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Investor Connect Podcast

Investor Connect is for investors interested in learning more about investing in startup and growth stage companies. Experienced investors share their experiences and advice with those who are considering an investment into startups and growth companies. It includes a podcast series of interviews with investors to inform others about the process of funding startups as well as a resource list and a discussion board.  

Topics include sourcing, analyzing, and researching companies. Other topics include valuations, terms Sheets, board of directors, board of advisors, due diligence, syndicates, venture capital, angels, angel networks, family offices, crowdfunding, exits, and more.

Investor Connect is a community program. We welcome your suggestions for speakers and topics which you can send to us through the Contact page. No registration is required to use the resources.  Discussion boards are available to post and answer questions about startups and growth company investing through which registration is required.

Investor Connect is a program under the Texas Open Angel Network which is a 501(c3) non-profit dedicated to the education around startup funding.

Disclaimer: Hall T. Martin is the Director of Investor Connect which is dedicated to the education of investors for early stage funding. All opinions expressed by Hall and podcast guests are solely their own opinions and do not reflect the opinion of Investor Connect. This podcast is for informational purposes only and should not be relied upon as a basis for investment decisions.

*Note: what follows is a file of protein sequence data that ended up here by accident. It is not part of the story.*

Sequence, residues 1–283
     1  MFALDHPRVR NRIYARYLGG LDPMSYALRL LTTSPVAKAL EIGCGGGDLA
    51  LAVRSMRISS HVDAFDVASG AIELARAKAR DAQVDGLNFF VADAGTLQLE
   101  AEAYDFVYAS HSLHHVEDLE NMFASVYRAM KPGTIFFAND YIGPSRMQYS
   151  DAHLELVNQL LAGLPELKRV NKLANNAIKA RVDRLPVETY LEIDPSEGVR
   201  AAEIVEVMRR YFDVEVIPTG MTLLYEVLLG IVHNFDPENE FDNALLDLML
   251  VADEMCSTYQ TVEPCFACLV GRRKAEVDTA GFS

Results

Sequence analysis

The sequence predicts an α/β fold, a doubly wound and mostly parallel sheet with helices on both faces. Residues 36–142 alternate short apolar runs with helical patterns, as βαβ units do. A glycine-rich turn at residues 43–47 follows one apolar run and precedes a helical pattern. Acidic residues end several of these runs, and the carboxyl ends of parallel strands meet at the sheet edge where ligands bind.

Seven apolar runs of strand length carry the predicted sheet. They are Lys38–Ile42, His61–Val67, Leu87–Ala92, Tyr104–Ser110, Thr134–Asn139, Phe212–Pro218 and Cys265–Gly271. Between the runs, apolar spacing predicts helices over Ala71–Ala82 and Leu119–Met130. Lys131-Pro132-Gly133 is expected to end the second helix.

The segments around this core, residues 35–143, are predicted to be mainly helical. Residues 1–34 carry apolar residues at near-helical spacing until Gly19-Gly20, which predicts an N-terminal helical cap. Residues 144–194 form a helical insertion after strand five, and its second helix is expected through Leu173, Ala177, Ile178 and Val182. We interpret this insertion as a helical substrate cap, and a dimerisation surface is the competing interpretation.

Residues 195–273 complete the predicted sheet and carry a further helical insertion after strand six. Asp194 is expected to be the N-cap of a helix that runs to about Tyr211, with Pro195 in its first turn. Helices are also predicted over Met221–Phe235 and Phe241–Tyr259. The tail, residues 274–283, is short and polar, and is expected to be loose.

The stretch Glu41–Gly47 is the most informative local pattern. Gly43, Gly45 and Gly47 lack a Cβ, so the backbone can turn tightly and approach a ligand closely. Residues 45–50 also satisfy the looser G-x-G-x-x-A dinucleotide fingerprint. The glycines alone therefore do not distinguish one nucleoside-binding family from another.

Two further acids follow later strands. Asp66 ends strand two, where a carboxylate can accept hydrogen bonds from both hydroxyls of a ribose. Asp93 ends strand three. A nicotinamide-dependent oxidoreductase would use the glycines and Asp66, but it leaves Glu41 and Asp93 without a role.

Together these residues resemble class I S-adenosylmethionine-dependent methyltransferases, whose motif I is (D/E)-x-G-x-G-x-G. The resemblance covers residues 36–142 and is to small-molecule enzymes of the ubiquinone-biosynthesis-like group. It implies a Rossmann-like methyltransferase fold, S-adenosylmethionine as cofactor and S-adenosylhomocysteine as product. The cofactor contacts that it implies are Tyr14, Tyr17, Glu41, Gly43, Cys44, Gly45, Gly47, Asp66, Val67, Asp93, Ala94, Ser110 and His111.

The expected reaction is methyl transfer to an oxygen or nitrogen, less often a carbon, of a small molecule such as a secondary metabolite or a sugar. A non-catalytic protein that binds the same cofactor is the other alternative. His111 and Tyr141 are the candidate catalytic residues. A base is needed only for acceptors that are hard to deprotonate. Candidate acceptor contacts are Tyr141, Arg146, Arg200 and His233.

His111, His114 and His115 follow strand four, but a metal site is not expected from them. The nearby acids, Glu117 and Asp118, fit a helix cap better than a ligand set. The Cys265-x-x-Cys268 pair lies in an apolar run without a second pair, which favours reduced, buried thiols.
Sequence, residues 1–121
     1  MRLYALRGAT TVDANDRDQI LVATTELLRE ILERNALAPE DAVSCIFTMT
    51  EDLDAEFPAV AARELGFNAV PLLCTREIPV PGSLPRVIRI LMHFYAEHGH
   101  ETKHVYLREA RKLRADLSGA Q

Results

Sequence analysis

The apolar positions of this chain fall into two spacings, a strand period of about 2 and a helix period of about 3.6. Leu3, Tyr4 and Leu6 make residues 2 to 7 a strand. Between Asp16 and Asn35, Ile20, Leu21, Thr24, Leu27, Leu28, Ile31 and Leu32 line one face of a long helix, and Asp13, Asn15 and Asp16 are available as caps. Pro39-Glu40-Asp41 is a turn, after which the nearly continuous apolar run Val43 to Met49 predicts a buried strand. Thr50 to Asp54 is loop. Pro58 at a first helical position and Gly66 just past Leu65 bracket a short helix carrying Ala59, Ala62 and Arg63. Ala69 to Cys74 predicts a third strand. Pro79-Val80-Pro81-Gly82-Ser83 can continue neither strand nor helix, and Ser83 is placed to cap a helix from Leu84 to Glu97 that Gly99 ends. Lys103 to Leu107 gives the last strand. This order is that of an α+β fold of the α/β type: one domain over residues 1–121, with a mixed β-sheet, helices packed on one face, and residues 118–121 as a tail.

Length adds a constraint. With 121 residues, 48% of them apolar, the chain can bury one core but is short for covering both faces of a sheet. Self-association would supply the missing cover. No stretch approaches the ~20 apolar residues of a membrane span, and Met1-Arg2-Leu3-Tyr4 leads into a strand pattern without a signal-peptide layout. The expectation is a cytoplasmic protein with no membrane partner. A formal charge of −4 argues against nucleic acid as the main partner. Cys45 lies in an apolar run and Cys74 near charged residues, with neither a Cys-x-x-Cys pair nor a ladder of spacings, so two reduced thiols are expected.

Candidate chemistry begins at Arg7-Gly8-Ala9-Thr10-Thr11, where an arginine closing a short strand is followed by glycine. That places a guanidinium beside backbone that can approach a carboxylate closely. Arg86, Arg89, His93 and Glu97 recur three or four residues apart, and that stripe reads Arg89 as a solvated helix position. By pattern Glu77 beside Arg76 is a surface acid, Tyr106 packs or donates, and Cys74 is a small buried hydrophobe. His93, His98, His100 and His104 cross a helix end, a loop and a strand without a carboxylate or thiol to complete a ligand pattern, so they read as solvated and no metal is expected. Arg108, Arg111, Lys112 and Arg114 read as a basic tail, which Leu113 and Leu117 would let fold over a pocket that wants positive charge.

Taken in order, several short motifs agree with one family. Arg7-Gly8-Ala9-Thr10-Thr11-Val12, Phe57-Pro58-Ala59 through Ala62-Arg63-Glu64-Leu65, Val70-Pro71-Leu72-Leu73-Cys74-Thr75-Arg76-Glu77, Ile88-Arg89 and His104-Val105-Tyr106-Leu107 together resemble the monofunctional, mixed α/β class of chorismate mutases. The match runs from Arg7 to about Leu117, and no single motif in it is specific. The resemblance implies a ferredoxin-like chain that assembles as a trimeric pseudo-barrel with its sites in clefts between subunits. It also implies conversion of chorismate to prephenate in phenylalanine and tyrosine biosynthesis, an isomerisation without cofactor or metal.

Dec 28, 2021

3X in 3 Terms

Hello, this is Hall T. Martin with the Startup Funding Espresso -- your daily shot of startup funding and investing.

I analyzed the results of several angel networks and found that 65% of the investments after three years were still in business but were no longer on the venture track. 

In most cases, they were growing businesses but were not going to be bought out for a significant return to the investor as the market conditions had changed, competition had taken over, or the founder was no longer interested in keeping pace to achieve a venture exit.

The best-case scenario was the entrepreneur would sell the business for 2-3X after 10 years, in which case the investor would get a minimal return on investment.

In my investing experience, three years into the investment, it becomes clear if the company will continue on the venture path or not.  

I often saw the entrepreneur signal their departure from the venture path by taking above-market rate salaries. 

I called this taking the “payroll exit”, in which case they no longer needed an “equity exit”.  

This left the investor stranded on the equity plan with no way out.

I set up a deal structure that would allow the investor to go on the payroll exit in the event the startup chose that path.

In this structure, the investor receives 3 times their investment 3 years from the date of investment.  So $100K in, yields $300K out.

If the company continues on the equity exit, then the investor may choose to stay in the investment. 

Thank you for joining us for the Startup Funding Espresso where we help startups and investors connect for funding.

Let’s go startup something today.

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